BN seminar: Yuri Korchev (Imperial College London): "Scanning Ion Conductance Microscopy of Soft Biological Matter"





Room E, Delft


Scanning Ion Conductance Microscopy of Soft Biological Matter 
Yuri Korchev
Imperial College London, Division of Medicine,
London W12 0NN, UK

Molecular Biology has advanced we know much about the individual molecular components that make up living cells down to the level of the individual atoms. The challenge, however, is to fully understand the functional integration of these components. This requires determining how the molecular machines that make up a living cell are organized and interact together not at the atomic length scale but on a nm scale. To do this we need to develop and applying nanoscale techniques for the visualization and quantification of cell machinery in real-time and on living cells. This will lead to detailed, quantitative models of sub-cellular structures and molecular complexes under different conditions for both normal and diseased cells.
This approach ultimately requires the development of novel biophysical methods. We have recently pioneered the development of an array of new and powerful biophysical tools based on Scanning Ion Conductance Microscopy [1, 2] that allow quantitative measurements and non-invasive functional imaging of single protein molecules in living cells [3]. Scanning ion conductance microscopy and a battery of associated innovative methods are unique among current imaging techniques, not only in spatial resolution of living and functioning cells fig. 2 [4], but also in the rich combination of imaging with other functional and dynamical interrogation methods (e.g electrophysiological recording from presynaptic boutons [5]). These methods, crucially, will facilitate the study of integrated nano-behaviour in living cells in health and disease.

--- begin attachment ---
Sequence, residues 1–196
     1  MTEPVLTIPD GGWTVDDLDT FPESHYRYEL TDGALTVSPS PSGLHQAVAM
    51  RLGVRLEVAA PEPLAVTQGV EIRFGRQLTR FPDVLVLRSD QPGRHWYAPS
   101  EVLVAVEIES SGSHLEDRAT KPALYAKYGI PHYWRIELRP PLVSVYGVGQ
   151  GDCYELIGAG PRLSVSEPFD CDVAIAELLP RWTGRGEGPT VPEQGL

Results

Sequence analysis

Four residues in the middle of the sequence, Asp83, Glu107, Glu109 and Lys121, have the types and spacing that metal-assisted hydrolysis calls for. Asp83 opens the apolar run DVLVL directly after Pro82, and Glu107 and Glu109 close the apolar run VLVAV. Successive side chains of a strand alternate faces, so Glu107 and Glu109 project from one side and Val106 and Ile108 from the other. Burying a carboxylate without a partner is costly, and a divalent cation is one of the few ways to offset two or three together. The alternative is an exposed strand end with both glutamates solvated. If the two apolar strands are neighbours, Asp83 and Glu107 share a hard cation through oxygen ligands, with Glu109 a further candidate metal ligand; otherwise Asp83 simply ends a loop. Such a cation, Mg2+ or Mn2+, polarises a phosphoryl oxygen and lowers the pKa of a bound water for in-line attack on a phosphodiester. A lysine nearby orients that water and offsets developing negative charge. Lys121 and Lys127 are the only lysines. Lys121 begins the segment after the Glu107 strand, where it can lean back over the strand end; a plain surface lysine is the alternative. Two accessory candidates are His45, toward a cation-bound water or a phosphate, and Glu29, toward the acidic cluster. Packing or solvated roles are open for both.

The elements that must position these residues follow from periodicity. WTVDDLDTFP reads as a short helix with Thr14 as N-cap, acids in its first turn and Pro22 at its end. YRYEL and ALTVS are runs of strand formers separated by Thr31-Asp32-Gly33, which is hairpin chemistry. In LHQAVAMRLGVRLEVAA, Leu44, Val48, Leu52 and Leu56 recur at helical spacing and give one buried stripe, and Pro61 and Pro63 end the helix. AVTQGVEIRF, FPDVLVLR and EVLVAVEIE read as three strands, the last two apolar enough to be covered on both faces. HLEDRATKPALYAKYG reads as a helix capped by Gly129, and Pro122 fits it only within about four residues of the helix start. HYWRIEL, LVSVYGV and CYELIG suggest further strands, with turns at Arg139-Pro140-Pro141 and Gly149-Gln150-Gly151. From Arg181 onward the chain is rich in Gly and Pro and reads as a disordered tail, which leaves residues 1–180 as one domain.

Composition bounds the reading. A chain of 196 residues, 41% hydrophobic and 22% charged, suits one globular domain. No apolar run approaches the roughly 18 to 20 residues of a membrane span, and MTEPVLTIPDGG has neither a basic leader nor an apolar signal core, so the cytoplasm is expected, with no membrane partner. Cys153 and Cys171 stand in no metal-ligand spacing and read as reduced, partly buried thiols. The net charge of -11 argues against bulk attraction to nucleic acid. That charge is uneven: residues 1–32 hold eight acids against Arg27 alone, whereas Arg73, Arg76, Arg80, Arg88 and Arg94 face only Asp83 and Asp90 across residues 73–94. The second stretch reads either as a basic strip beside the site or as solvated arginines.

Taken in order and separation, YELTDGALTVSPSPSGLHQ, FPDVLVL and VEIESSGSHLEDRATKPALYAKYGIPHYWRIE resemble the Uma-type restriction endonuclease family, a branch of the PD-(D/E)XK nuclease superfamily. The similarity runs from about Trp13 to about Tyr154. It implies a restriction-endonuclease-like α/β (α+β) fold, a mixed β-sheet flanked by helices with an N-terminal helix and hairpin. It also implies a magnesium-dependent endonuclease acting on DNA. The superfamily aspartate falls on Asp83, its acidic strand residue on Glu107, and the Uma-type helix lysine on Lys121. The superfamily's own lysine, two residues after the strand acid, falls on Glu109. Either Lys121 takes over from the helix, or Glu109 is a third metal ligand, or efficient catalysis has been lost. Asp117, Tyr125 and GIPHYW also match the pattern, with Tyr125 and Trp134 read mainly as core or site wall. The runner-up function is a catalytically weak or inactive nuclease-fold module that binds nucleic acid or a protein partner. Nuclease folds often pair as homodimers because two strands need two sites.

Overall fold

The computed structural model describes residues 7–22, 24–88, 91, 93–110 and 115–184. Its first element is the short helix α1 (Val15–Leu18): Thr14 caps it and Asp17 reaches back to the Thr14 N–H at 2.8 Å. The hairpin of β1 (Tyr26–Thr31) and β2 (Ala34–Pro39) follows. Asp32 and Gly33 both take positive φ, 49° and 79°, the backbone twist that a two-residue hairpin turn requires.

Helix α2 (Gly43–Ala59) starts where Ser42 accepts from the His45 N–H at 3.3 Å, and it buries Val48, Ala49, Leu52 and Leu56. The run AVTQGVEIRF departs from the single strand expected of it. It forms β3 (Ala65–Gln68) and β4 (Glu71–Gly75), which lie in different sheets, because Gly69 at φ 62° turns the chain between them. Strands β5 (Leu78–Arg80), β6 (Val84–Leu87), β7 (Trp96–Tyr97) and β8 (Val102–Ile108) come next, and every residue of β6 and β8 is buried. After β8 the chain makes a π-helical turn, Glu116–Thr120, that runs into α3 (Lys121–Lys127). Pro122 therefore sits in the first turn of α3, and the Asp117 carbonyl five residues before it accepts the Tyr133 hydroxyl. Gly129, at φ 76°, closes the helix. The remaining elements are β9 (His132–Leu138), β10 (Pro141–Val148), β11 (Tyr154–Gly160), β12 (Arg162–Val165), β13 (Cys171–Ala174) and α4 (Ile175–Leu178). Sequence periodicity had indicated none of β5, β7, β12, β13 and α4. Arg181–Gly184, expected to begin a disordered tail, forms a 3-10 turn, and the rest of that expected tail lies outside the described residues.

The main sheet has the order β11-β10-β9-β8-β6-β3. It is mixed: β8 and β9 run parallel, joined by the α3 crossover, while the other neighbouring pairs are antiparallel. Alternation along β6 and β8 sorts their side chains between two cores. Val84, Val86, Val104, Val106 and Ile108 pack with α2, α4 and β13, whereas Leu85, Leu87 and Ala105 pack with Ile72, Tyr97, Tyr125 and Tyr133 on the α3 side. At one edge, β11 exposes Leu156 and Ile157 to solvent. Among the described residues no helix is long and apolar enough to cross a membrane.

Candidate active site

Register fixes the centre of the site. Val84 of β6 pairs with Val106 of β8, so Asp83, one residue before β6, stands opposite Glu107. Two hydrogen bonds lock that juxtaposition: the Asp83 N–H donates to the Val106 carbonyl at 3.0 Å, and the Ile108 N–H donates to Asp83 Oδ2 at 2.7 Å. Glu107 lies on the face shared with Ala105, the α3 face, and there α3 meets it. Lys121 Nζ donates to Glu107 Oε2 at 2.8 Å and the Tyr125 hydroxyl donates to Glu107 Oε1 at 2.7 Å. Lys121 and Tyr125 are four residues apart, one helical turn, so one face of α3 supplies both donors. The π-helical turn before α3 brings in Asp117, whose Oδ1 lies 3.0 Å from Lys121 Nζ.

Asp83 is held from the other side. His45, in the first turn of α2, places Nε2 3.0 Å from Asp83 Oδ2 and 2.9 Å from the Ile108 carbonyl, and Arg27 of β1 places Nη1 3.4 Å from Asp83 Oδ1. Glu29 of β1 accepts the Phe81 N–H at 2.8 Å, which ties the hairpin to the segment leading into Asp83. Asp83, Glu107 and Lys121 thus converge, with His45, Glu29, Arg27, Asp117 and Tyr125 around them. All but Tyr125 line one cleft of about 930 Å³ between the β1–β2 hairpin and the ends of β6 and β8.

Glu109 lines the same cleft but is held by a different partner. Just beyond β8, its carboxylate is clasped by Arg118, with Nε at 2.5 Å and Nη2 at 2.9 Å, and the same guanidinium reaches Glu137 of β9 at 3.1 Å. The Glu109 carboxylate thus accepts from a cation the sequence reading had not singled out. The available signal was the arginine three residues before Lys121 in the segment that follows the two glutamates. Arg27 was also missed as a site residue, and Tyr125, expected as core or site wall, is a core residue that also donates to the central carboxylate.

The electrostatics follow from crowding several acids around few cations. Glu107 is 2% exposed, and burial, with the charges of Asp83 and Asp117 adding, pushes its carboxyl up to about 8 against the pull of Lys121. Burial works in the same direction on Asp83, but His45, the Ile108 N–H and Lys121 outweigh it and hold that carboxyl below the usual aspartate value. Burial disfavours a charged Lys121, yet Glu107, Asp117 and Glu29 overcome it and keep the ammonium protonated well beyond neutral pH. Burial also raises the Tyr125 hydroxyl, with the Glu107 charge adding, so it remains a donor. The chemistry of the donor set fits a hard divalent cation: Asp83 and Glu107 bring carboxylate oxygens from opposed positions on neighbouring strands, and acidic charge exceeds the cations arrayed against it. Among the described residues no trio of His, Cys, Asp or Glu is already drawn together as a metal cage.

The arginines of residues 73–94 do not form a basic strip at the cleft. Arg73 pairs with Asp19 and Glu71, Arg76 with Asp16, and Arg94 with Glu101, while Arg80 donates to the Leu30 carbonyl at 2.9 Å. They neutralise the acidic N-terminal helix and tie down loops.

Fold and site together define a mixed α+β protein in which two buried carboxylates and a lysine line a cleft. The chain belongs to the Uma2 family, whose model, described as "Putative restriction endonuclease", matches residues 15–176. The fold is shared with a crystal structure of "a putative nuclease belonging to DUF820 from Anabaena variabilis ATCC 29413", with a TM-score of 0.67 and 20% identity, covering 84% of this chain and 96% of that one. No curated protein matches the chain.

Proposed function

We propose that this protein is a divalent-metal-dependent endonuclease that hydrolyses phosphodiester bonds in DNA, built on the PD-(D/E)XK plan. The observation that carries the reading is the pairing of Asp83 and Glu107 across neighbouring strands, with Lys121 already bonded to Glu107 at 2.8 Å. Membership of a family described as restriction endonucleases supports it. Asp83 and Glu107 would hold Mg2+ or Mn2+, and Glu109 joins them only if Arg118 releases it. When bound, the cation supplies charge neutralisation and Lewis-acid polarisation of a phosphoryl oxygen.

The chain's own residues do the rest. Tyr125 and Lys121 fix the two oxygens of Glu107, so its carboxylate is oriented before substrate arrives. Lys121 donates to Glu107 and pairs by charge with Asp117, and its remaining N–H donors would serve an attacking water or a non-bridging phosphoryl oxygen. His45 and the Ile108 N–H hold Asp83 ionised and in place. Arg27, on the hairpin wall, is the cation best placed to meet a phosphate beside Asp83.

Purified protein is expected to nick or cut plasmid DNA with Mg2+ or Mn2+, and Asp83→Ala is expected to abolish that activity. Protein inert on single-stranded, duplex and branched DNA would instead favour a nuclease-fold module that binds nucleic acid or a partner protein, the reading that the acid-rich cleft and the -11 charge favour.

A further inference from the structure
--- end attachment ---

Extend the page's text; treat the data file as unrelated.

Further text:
[1]        P. K. Hansma, B. Drake, O. Marti, S. A. Gould, C. B. Prater, Science 243, 641 (1989).
[2] Y. E. Korchev, C. L. Bashford, M. Milovanovic, I. Vodyanoy, M. J. Lab, Biophys. J. 73, 653 (1997).
[3] A. I. Shevchuk et al., Angew. Chem. Int. Ed Engl. 45, 2212 (2006).
[4] P. Novak et al., Nat. Methods 6, 279 (2009).
[5] P Novak, et al., Neuron79, 1067 (2013)